Seeing Color

Recently I read these words from African-American theologian, Cornell West. “Martin Luther King, Jr., called us to be love-struck with each other, not colorblind toward each other.”

When I look at the back of my hand, I see skin that is a light brownish pink, with darker brown spots (because I’m getting old), and fairly thickly covered with black hair. On my face, there is a scar on my chin and a small one at the corner of my lower lip. A couple of teeth are chipped. My skin is starting to wrinkle and is beginning to sag under my chin. There are white hairs in my eyebrows.

All these details tell bits of a story that you could not begin to read if you were blind to the colors and contours of my face and hand. And the hidden face of my spirit is marked with signs of my experience that you would not know unless you spent time with me and began to learn my story.

So when I read or hear people claim that they “don’t see color” or that they are “colorblind” I wonder what they mean. Are they trying to avoid seeing the particularities of real people around them? Do they really mean that everyone looks the same to them?

We’re not the same. We’re each unique. And I cannot truly relate to you, deal with you, honor your existence if I can’t really see you.

I wonder if the claim to be colorblind is an attempt to deny reality, to avoid seeing the often painful truth of the experience of others and the history we share. And I wonder if the defensiveness I hear in the use of that phrase, “colorblind,” comes from a fear of making mistakes. We’re all so afraid of making mistakes these days, afraid of asking questions and appearing ignorant; we’re so quick to judge. But we are, all of us, human, limited. We need to let down our guard and learn to accept ourselves and each other in all our imperfection.

I have to confess that my reaction to the terminology “people of color” is not positive. It seems like a term made up by “white” people and seems patronizing. We are all some color – many shades and hues. I’m a color – that light brownish pink I see when I look at my hand. In some ways, my skin color defines me – but not completely, just as your identity is partly defined by your color. We are all much more than color, but we are also each a particular color.

We need to truly see each other, and to understand that the history of the divisions, prejudices, and privileges that are part of our appearance and identity are complex. They are on our skin and they are in our spirits. We will never know or understand unless we can see each other truly.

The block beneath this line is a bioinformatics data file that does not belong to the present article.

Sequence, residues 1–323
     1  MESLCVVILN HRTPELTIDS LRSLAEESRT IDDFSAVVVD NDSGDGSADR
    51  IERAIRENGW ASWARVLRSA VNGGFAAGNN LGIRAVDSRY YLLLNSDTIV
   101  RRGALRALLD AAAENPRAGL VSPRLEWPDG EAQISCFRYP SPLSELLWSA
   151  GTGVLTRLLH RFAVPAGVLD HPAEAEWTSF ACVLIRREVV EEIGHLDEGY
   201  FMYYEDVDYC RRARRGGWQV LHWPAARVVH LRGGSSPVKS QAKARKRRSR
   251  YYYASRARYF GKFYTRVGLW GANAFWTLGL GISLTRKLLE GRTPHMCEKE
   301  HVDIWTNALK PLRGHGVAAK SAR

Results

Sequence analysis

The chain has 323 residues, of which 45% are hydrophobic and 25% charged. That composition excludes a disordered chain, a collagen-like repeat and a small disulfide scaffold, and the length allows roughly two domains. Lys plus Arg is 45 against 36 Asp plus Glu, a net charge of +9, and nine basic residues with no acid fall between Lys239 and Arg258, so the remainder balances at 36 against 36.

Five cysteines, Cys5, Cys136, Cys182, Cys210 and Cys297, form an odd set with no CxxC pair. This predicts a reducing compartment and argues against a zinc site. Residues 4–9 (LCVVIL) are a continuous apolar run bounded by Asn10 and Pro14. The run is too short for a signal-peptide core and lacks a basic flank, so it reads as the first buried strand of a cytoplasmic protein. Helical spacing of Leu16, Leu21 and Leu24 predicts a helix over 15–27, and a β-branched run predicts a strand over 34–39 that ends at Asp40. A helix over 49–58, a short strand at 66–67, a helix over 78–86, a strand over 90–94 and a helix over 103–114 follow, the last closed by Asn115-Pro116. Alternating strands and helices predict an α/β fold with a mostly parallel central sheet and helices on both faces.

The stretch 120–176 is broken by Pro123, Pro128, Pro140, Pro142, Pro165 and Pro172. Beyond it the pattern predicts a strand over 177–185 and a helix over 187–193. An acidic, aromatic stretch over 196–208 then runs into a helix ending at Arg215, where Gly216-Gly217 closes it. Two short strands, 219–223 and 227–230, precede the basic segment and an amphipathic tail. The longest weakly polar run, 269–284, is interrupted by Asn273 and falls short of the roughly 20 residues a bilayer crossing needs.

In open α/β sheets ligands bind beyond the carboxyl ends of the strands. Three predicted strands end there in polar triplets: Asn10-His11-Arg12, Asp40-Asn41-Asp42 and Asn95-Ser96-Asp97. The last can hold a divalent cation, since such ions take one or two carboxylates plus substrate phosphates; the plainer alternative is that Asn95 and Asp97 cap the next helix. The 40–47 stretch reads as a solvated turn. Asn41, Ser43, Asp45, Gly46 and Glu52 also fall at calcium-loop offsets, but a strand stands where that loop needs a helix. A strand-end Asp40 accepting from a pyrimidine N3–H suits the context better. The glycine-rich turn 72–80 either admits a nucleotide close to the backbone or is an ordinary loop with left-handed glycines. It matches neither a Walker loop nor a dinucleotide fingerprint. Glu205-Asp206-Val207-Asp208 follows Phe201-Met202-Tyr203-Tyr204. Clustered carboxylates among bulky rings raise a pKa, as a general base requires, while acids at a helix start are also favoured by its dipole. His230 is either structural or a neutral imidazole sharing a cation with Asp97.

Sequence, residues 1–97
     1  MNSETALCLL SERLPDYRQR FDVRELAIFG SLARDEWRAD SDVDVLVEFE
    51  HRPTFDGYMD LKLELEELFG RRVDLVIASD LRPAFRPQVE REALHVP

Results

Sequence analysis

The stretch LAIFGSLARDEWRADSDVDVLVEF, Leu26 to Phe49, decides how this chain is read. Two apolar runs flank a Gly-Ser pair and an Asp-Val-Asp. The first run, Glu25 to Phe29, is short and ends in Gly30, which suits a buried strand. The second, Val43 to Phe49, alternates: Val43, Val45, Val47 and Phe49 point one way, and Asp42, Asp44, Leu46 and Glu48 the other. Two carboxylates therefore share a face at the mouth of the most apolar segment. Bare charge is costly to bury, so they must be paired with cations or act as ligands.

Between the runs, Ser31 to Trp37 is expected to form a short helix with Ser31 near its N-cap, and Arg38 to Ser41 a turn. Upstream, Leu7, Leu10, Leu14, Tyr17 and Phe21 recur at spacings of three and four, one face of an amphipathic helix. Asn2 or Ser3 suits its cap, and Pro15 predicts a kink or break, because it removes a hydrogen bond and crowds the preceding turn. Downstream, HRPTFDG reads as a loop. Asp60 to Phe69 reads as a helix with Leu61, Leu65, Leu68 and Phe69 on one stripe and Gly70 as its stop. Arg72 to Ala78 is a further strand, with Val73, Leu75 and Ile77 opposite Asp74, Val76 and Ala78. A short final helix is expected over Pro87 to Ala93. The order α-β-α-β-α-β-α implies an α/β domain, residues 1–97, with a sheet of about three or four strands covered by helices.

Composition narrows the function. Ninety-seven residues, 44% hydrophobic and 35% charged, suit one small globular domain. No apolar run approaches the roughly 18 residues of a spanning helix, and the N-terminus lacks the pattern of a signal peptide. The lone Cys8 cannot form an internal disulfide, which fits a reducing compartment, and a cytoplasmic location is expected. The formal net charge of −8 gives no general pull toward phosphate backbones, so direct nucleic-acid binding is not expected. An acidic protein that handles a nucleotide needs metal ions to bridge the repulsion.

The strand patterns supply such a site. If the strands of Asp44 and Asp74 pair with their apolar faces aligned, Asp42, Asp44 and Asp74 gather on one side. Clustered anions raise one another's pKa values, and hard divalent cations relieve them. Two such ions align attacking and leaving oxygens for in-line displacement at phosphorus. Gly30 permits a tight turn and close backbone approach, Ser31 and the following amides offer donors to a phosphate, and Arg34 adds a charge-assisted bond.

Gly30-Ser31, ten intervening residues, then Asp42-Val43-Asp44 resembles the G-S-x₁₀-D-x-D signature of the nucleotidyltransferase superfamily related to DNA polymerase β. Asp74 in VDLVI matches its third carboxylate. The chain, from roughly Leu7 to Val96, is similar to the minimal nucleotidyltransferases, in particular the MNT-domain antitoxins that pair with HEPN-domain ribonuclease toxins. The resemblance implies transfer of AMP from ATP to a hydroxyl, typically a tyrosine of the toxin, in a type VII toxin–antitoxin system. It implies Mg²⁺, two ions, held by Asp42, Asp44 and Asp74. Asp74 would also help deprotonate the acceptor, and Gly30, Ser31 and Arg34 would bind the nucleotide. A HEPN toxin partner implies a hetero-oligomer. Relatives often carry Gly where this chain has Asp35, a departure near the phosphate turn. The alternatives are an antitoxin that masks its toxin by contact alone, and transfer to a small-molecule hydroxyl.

The Only Thing That Matters

Long ago, in a class or workshop on spirituality somewhere that I’ve forgotten, I heard words I still remember, that ring true across the years. Someone quoted a saying from Saint Seraphim of Sarov, a Russian monk from the 18th Century. He is remembered as saying, “Acquire a peaceful spirit, and thousands around you will be saved.”

From time to time, and especially in these contentious times, those words come back to me. I think of them in relation to the wisdom that the only person I can change is myself, and the odds of that are around 51-49.

And then there’s Jesus: “Take the log out of your own eye before you go looking for the speck in your neighbor’s eye.”

And then there’s Murray Bowen and Rabbi Edwin Friedman, who taught us about our place in the emotional system, where the only way one can have an effect on the system we are embedded in is to work on our own self-differentiation and emotional health.

So when I hear news of partisan bickering or Tweets from the President and I am tempted to criticize, correct, explain or weigh in on the issue, I stop and remember that it is just possible that I will only add to the noise and anxiety. Maybe if I respond with a peaceful spirit, listen, and approach others with compassion – maybe my own peace will be healing and bring a blessing. Maybe if I don’t react, I won’t add fuel to the fire.

I do not mean that I would hold myself aloof, but that I would engage with others with peace and compassion. It might be the only thing that matters, the only thing that helps.